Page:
19th Century French Spelter Pointer Dog Sculpture on Marble Base Signed Masson
The antique spelter sculpture was created in France, circa 1870. Set on a rectangular variegated base, the work features an Irish setter pointing while lifting his front leg. The hunting dog figure is signed on the base, C. Masson. The piece is in excellent condition with wonderful details and rich patinated bronze finish, and would make an interesting addition to a shelf in a library or a desk in a study. Listed in the Benezit. Clovis Edmond Masson (1838-1913) was a French animalier sculptor. Born in Paris, he was best known for his intricate, expressive bronze figures that depicted birds, dogs and hunting scenes. A pupil of Barye, Rouillard and Santiago he exhibited his animalier sculpture regularly at the Salon from 1867 until 1909. Starting in 1867 with the ‘Indian Tiger Hunt’ in plaster. His work is often playful and inventive with a certain licence from his mentor, Barye. Casts vary in quality but are often of quite a high standard. Over the years at least fifty-two of his works were exhibited at the Salon by Masson, chiefly of the cat family with titles such as ‘African Leopard defending its Prey’ in 1881, some deer such as ‘Fighting Stags’ in 1883, and horses, one of which is possibly based on Barye’s Cheval Turc. The most common of his statues on the open market today are his animals of the cat family, often powerfully modeled in a manner that seems to anticipate the forms and style of the 1910 to 1930 period. His son Jules- Edmond Masson also became a sculptor and studied under his father. Measures: 16.25″ W x 3.75″ D x 7.75″ H.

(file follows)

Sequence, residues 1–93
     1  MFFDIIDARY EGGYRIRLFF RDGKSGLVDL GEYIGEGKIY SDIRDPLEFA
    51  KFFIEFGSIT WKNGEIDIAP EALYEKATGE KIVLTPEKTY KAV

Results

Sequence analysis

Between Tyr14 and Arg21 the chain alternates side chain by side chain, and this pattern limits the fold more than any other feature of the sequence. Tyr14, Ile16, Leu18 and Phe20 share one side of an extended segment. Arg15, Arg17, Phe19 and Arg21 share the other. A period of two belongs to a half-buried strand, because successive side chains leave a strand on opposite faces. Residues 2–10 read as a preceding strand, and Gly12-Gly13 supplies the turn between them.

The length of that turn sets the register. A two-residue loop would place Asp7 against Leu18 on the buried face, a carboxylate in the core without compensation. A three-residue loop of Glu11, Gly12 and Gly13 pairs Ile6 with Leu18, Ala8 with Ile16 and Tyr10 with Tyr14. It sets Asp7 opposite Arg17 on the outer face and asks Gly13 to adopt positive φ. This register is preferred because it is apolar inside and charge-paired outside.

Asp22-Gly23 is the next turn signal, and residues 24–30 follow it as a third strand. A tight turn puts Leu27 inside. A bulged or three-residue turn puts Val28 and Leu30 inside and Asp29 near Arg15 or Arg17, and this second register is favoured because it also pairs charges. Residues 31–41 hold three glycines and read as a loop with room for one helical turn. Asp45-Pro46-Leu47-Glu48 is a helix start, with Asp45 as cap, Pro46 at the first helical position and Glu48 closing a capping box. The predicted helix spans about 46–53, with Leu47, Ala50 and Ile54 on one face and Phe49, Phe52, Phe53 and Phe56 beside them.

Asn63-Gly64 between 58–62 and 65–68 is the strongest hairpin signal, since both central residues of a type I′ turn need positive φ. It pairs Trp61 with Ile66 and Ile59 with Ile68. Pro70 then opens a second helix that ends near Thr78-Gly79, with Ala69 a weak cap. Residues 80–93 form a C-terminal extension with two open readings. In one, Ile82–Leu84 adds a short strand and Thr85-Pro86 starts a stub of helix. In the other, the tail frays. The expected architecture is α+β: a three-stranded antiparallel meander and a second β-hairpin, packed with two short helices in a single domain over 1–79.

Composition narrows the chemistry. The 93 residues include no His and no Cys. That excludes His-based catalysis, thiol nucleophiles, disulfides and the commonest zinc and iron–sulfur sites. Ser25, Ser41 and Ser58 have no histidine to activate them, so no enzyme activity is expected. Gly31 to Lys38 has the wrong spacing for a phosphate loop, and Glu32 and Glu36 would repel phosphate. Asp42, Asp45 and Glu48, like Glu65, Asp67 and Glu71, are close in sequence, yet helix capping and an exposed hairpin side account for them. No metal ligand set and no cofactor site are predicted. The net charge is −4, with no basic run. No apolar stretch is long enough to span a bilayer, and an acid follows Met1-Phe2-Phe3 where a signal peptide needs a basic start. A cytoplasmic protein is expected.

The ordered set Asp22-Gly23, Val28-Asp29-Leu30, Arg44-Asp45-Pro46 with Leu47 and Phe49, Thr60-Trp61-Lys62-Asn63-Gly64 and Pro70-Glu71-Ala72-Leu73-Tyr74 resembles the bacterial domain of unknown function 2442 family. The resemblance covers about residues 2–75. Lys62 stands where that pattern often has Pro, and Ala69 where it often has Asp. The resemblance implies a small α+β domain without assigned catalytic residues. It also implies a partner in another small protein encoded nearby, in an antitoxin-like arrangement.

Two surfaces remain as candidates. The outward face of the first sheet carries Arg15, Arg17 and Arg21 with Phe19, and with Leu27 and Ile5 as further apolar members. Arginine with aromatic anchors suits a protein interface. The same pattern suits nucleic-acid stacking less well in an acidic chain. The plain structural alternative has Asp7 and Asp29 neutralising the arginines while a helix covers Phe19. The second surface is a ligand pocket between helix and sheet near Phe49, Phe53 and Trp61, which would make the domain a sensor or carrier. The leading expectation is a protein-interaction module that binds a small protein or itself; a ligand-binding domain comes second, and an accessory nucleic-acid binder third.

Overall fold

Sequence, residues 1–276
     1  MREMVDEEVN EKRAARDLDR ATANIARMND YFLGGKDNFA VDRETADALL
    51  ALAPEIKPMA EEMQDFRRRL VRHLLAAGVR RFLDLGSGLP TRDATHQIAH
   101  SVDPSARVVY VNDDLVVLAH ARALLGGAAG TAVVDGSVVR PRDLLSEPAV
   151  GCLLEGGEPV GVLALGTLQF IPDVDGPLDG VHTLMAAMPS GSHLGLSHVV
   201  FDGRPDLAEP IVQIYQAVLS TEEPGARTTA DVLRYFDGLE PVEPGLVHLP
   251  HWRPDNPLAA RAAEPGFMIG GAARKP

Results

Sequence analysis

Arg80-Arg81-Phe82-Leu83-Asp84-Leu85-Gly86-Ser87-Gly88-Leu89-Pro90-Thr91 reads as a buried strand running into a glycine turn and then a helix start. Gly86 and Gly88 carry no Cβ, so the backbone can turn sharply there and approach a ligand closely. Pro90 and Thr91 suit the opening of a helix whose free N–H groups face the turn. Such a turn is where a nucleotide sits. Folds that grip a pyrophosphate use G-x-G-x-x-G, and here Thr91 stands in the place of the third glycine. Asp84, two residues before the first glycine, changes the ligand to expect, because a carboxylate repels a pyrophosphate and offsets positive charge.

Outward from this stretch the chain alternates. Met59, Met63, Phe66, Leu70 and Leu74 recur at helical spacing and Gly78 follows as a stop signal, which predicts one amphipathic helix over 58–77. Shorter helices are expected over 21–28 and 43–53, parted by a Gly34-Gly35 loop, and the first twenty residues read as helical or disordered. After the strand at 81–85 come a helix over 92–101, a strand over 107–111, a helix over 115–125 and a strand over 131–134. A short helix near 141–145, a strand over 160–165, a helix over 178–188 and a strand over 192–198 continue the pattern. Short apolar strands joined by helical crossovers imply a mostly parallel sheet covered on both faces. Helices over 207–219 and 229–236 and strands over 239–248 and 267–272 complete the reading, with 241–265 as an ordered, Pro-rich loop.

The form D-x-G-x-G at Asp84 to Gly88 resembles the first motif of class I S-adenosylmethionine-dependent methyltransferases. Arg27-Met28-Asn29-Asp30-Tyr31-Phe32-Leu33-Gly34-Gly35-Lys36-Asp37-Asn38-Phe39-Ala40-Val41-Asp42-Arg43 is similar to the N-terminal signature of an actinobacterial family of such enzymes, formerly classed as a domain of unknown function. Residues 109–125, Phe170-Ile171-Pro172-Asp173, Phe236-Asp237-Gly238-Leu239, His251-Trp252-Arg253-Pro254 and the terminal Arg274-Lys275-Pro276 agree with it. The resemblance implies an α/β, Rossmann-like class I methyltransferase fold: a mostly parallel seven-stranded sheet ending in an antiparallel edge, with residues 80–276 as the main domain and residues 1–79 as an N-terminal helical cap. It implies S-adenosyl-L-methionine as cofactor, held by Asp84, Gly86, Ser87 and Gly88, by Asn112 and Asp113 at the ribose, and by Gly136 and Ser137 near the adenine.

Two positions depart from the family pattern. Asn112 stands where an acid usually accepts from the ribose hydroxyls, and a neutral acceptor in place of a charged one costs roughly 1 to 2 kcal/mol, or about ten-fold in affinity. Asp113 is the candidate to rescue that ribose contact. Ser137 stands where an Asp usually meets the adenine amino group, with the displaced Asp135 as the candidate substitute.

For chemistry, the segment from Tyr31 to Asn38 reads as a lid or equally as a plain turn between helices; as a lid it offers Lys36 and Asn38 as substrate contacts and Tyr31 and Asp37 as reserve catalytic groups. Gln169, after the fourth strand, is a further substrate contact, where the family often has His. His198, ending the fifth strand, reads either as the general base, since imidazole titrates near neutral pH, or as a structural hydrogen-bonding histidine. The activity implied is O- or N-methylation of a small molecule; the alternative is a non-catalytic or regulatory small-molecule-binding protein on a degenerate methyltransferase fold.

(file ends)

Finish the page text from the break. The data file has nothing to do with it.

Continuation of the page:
|Dimensions||16.25" W x 3.75" D x 7.75" H|
Late 19th Century